You may read all of this information about garlic, about how it was used in the past, and think that this was all just a lot of superstition, like breaking a mirror brings seven years of bad luck or throwing salt over your shoulder protects you from bad luck. But this is different. It’s not all just superstition, though some of it is. There’s actually a lot of scientific evidence that garlic does have certain medicinal benefits.
First of all, garlic does kill bacteria. In 1858, Louis Pasteur conducted some research that showed that garlic does actually kill bacteria. When garlic was used during World War I to prevent infection, there was good reason. There is actually research to back up garlic’s ability to kill bacteria. It’s raw, or uncooked, garlic that has this property. Raw garlic has been shown to kill twenty-three different kinds of bacteria.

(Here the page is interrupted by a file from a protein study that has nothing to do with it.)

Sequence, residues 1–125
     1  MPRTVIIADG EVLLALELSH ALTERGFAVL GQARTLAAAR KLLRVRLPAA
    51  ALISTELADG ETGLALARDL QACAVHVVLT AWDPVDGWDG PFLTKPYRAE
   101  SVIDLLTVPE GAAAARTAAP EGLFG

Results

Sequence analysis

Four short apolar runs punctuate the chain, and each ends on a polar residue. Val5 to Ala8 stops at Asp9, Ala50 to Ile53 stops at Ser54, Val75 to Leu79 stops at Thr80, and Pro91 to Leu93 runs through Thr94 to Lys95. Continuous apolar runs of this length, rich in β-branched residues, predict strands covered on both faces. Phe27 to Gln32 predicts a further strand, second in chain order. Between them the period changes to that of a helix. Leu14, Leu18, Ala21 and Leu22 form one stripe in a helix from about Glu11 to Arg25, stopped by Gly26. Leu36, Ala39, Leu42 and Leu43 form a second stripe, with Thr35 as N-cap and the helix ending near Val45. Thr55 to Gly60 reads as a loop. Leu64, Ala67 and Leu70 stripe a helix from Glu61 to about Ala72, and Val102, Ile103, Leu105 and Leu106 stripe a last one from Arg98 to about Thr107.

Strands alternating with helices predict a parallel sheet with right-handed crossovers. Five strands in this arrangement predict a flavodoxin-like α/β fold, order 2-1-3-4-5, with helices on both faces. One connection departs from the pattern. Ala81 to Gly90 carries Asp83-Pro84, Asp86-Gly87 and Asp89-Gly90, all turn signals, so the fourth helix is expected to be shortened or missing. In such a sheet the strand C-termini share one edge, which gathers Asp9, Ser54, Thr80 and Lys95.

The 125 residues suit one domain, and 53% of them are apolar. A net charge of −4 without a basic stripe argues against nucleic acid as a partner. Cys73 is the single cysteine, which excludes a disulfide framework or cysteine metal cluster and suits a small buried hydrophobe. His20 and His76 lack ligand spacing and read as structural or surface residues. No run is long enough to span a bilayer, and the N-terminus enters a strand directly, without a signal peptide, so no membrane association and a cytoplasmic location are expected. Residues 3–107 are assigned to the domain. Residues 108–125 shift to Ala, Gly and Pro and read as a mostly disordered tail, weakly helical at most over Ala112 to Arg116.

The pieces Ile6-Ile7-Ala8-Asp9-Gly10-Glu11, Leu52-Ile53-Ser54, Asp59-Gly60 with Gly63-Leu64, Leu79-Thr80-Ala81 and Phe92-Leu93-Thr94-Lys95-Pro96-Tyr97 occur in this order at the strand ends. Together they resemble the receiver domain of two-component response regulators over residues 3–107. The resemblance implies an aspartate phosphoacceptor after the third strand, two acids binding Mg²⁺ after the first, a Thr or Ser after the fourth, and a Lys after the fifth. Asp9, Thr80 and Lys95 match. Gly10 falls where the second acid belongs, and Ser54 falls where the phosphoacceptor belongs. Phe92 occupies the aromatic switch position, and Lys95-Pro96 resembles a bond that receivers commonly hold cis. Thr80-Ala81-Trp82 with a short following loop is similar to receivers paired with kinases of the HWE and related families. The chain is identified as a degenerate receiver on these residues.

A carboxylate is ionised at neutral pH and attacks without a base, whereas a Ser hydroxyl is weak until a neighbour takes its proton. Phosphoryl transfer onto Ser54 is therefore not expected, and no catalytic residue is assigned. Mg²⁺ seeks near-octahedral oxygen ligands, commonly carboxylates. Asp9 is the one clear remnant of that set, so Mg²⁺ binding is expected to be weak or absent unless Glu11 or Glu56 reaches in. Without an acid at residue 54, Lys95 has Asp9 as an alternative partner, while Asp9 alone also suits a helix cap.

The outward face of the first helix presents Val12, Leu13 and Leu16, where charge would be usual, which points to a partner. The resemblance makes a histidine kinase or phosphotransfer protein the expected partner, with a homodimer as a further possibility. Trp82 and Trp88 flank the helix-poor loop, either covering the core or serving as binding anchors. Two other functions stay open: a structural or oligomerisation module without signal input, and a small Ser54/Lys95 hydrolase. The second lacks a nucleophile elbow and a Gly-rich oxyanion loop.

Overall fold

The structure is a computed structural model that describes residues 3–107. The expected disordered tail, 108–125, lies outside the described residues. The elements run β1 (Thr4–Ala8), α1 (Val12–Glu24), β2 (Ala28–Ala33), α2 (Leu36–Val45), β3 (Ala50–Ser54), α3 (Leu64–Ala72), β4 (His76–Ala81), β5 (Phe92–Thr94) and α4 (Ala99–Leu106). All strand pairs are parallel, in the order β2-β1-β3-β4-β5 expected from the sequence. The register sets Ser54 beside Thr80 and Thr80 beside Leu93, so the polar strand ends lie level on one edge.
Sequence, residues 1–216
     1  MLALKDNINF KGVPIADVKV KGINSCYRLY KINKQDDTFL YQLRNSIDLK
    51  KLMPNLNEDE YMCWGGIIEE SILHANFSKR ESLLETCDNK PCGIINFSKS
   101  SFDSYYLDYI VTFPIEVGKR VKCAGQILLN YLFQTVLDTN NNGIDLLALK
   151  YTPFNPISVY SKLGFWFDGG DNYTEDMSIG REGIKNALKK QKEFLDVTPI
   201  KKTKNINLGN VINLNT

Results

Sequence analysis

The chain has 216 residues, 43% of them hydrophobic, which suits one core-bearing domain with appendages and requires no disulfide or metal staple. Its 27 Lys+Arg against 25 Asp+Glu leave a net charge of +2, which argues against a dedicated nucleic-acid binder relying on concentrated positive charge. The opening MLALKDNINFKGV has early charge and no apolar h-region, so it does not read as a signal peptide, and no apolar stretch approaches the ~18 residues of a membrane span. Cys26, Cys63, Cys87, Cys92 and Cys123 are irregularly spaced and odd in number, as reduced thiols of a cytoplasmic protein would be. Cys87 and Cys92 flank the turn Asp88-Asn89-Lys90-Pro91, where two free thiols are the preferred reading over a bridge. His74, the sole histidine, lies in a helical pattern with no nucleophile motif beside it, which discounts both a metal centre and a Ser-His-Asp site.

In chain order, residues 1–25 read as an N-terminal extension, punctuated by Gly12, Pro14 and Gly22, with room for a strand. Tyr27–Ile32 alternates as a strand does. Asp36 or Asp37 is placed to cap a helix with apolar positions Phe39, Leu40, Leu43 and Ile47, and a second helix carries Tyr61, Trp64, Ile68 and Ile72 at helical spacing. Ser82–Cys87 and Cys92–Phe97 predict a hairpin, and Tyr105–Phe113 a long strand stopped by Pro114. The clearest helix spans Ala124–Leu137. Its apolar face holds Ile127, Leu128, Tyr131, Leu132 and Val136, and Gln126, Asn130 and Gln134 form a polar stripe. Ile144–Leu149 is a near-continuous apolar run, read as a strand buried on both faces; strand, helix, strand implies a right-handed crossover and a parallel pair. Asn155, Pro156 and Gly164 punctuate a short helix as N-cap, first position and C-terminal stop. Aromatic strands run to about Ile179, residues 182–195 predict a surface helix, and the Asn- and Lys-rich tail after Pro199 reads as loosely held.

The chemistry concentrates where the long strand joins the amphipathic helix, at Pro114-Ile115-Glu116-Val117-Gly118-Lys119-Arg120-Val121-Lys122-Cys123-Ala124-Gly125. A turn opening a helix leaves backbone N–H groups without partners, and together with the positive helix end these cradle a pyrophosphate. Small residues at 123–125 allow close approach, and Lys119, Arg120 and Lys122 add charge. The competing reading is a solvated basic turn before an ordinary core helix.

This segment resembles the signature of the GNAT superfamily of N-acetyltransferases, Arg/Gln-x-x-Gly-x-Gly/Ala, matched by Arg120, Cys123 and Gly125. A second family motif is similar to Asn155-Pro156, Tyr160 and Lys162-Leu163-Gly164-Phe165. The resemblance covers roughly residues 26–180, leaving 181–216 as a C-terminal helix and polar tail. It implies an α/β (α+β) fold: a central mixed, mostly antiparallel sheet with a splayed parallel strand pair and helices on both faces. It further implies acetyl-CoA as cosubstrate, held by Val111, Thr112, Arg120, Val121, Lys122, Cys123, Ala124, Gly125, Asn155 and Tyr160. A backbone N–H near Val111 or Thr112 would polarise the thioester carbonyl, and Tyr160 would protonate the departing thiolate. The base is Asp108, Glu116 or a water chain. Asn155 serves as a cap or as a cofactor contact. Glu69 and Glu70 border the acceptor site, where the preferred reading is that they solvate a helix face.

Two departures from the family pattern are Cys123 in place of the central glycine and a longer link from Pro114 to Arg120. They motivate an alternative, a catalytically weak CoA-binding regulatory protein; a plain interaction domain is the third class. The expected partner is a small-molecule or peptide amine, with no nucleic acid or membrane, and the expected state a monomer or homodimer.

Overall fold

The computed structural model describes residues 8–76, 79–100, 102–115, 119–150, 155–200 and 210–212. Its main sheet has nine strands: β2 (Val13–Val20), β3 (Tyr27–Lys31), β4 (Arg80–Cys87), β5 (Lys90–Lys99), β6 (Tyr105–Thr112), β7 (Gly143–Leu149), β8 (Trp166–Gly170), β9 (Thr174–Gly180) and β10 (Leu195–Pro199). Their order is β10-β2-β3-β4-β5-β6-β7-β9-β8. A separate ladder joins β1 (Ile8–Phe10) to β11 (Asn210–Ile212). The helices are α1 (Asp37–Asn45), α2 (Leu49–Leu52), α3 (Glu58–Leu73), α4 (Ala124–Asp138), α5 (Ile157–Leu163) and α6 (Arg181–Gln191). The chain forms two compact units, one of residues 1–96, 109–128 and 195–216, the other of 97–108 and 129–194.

Then, when garlic is heated, it’s been shown to have different medicinal properties. When it’s heated, garlic forms a compound that thins the blood. The blood-thinning property can help prevent arteries from clogging and reduce blood pressure, which may have some impact on preventing heart attacks and strokes.